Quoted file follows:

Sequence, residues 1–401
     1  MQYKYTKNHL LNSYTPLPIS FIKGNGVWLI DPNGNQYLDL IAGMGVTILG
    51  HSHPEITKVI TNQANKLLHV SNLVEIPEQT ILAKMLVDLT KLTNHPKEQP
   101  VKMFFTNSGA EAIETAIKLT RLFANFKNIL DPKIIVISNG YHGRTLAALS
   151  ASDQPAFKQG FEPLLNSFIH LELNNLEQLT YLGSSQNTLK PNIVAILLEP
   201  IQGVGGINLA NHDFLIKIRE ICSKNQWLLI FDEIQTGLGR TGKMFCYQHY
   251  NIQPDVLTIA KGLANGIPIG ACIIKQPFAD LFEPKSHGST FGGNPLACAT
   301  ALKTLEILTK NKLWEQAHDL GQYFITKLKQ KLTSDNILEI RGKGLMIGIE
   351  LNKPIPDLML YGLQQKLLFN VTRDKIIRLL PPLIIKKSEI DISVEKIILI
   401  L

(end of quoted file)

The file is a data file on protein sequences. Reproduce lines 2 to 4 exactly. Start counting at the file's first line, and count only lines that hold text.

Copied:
     1  MQYKYTKNHL LNSYTPLPIS FIKGNGVWLI DPNGNQYLDL IAGMGVTILG
    51  HSHPEITKVI TNQANKLLHV SNLVEIPEQT ILAKMLVDLT KLTNHPKEQP
   101  VKMFFTNSGA EAIETAIKLT RLFANFKNIL DPKIIVISNG YHGRTLAALS